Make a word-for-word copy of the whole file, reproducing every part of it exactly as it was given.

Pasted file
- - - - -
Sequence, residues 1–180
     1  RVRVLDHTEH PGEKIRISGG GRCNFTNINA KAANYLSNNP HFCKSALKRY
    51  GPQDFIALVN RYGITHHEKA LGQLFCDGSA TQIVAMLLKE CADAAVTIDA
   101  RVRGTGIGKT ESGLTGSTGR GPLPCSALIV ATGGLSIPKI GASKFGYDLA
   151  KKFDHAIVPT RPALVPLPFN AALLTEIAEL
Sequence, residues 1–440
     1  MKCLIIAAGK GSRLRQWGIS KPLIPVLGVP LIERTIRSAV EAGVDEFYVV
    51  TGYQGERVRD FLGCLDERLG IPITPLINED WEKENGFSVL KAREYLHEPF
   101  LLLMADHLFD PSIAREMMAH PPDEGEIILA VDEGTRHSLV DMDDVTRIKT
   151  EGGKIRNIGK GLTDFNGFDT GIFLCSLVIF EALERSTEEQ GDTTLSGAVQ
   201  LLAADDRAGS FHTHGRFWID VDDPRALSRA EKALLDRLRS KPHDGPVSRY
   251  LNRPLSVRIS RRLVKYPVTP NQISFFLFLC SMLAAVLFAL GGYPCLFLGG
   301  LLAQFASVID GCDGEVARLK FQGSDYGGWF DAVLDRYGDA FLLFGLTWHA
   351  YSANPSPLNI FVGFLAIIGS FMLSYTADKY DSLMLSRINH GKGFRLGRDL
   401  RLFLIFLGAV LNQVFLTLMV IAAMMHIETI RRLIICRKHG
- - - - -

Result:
Sequence, residues 1–180
     1  RVRVLDHTEH PGEKIRISGG GRCNFTNINA KAANYLSNNP HFCKSALKRY
    51  GPQDFIALVN RYGITHHEKA LGQLFCDGSA TQIVAMLLKE CADAAVTIDA
   101  RVRGTGIGKT ESGLTGSTGR GPLPCSALIV ATGGLSIPKI GASKFGYDLA
   151  KKFDHAIVPT RPALVPLPFN AALLTEIAEL
Sequence, residues 1–440
     1  MKCLIIAAGK GSRLRQWGIS KPLIPVLGVP LIERTIRSAV EAGVDEFYVV
    51  TGYQGERVRD FLGCLDERLG IPITPLINED WEKENGFSVL KAREYLHEPF
   101  LLLMADHLFD PSIAREMMAH PPDEGEIILA VDEGTRHSLV DMDDVTRIKT
   151  EGGKIRNIGK GLTDFNGFDT GIFLCSLVIF EALERSTEEQ GDTTLSGAVQ
   201  LLAADDRAGS FHTHGRFWID VDDPRALSRA EKALLDRLRS KPHDGPVSRY
   251  LNRPLSVRIS RRLVKYPVTP NQISFFLFLC SMLAAVLFAL GGYPCLFLGG
   301  LLAQFASVID GCDGEVARLK FQGSDYGGWF DAVLDRYGDA FLLFGLTWHA
   351  YSANPSPLNI FVGFLAIIGS FMLSYTADKY DSLMLSRINH GKGFRLGRDL
   401  RLFLIFLGAV LNQVFLTLMV IAAMMHIETI RRLIICRKHG